Buffalo Bills (12-4): The Eastern divisions of RDFL are nothing, if not predictable.  The last time the Bills didn’t win the AFC East was 2013 – coincidentally, the last time the Giants didn’t win the NFC East. In some ways, the two teams have been mirror images of each other – star studded juggernauts who have monstered through their relative leagues with ease, but have yet to win the Big One.  Buffalo, at least, has made a Super Bowl (2015), but both have known the disappointment of having utterly dominant squads, but falling short of the ultimate prize.  Buffalo particularly is coming off a brutal conclusion to 2016 where injuries and suspension obliterated their lineup and they were knocked out of the playoffs on a last minute, Monday night 80 yard touchdown pass to Chris Hogan with just a few minutes to play.  It’s been rough.

Still, the Bills, like the Giants, remain poised for at least one more campaign, and even more than the Giants remain positioned to maintain long-term domination via trading.  Miami and New England will pose perennial challenges within the division, and Kansas City, Houston and Pittsburgh continue to pose consistent conference threats, but the Bills remain the cream of the conference – and really deserve a year of good luck.

In all honesty, though, they might not need luck.  This team reads like a who’s who list of all-star studs from top to bottom.  Adrian Peterson.  Devontae Freeman.  AJ Green.  Rob Gronkowski.  Alshon Jeffery.  Doug Baldwin.  Khalil Mack. Jason Pierre Paul (still with a hand!), Aaron Donald, Navorro Bowman…  Even the guys who aren’t big names, like Tyrod Taylor, Anthony Brown, Mike Adams, Jerry Hughes, and George Iloka are good players.  And if that wasn’t enough, the Bills have Christian McCaffery and OJ Howard just chilling on their Practice Squad (their Practice Squad!) and six 1st and 2nd round picks in 2019.  It’s enough to make someone swear.  Detroit – that’s your cue.

And this is what’s all over the Bills locker room. Which, actually, is a bit creepy.

If I had to nitpick, it would be to note that the Bills don’t have the kind of depth they did in past years.  Where once they could wrangle people into submission with a 15 deep starting defensive core and a flood of solid offensive back-ups, it’s not quite the case here.  There may even be a couple holes on defense.  But man.  That’s such a minor nitpick when you have that kind of star power – and the luxury of having guys like McCaffery and Howard not even PLAY their first year.  Silliness.  Barring another ridiculous batch of injuries, the Bills should cruise Anthony Davis Kentucky style to yet another AFC East title, and another excellent chance to end that Super Bowl drought.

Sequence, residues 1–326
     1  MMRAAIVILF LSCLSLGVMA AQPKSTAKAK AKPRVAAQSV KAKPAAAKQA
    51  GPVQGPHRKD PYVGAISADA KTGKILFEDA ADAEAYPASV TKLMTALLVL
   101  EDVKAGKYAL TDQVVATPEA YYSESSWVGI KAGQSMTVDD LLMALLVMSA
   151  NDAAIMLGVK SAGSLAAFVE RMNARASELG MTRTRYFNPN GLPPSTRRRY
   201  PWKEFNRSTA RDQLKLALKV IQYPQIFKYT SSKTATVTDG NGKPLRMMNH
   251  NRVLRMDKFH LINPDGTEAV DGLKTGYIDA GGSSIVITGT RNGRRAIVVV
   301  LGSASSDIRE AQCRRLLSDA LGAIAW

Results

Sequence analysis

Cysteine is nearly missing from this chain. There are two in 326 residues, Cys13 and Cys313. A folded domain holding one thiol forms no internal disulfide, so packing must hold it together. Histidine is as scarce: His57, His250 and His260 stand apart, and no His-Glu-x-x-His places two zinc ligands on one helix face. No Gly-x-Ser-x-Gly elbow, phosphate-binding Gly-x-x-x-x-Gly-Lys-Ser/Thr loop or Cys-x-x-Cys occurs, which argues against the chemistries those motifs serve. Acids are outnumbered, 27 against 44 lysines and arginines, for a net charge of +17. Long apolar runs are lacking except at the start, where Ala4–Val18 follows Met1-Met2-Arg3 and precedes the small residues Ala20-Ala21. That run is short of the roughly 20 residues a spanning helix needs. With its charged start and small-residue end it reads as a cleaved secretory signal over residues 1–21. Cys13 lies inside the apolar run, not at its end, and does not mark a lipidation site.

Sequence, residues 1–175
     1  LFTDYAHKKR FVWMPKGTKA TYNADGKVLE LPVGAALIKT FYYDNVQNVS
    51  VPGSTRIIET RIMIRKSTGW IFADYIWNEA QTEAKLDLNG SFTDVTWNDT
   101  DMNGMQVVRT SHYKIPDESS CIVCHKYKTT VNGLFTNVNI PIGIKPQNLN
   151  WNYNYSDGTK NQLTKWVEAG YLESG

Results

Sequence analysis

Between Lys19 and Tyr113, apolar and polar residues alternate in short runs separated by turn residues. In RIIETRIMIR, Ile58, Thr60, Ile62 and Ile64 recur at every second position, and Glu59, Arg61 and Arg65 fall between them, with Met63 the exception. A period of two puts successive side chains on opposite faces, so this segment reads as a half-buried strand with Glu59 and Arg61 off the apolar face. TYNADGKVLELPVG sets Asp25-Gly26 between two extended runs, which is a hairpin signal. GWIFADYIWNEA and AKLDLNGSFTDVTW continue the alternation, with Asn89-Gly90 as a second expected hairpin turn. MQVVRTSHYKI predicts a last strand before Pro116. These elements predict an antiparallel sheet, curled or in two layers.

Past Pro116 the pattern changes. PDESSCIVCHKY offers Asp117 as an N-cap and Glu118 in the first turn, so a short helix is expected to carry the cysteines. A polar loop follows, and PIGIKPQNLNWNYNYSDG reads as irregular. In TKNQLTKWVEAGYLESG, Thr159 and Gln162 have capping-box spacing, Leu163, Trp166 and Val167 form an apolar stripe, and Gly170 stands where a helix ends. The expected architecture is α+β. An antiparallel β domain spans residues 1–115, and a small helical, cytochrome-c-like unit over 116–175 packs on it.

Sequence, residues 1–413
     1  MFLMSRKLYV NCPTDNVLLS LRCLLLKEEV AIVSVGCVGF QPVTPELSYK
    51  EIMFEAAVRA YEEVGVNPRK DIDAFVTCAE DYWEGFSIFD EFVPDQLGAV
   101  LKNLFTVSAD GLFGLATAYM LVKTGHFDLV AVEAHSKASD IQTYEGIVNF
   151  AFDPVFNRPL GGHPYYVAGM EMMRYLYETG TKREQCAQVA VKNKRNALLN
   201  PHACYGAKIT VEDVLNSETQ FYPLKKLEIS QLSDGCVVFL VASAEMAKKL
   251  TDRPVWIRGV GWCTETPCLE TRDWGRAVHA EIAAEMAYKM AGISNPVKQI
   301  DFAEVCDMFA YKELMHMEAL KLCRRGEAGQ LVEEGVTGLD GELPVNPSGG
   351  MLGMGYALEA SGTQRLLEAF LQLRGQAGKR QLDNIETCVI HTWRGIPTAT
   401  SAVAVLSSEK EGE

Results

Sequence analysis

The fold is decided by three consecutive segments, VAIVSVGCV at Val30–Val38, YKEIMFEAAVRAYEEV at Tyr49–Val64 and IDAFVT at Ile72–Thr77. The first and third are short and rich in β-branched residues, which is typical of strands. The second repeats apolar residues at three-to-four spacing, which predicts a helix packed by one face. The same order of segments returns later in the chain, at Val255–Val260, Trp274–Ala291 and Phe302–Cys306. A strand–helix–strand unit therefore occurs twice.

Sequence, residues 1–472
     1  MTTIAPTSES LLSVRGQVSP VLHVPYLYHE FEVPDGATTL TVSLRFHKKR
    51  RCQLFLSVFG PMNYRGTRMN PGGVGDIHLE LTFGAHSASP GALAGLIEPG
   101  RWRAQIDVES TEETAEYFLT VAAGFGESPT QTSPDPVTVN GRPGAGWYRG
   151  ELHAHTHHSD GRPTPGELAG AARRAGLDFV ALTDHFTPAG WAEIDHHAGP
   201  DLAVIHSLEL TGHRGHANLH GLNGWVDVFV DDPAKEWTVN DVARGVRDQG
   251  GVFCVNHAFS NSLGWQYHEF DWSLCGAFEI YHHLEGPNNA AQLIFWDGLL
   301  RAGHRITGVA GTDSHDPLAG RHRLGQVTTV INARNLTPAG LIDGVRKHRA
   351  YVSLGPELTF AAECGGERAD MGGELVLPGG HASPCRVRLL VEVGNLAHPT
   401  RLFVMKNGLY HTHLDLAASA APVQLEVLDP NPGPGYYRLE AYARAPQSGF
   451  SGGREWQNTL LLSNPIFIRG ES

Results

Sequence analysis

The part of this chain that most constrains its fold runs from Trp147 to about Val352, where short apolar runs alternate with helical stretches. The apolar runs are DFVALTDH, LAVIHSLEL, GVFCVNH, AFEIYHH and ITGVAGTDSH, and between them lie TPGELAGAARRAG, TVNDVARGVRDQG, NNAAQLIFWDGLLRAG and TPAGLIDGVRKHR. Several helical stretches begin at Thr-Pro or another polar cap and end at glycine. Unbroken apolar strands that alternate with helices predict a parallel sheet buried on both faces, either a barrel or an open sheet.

New England Patriots (9-7): How do they do it?  The ultimate “win now” squad, Ric Nowinsky’s Patriots pursue victory every game and every year, building through underpriced veterans with an almost appalling lack of regard for draft picks.  It’s the sort of strategy that never works in the NFL and that you constantly expect to lead to cratering and ruin a la Brooklyn Nets even in fantasy.  And yet.  Every year.  There they are.  Right there in the playoff hunt, competing for playoff berths and making a royal pesky nuisance of themselves.  If not for the dominance of the Bills and a pair of brutal practice squad forfeits a couple years ago, we might be talking about the most unorthodox RDFL dynasty ever.

And somehow, some way, the Patriots are poised to contend again with the most geriatric group of geezers this world has ever seen.  Tom Brady is going strong at QB, Frank Gore continues to churn along at RB when most of his peers have forsaken the rock for the wheelchair, and Mike Wallace is an elder statesman at wide receiver after somehow reinventing his entire career.  The Patriots have supplemented their veterans with potential value finds and castoffs like Cameron Brate, Nelson Agholor, Lamar Miller, and Charles Clay – and frankly, seem poised to field a really nice offense.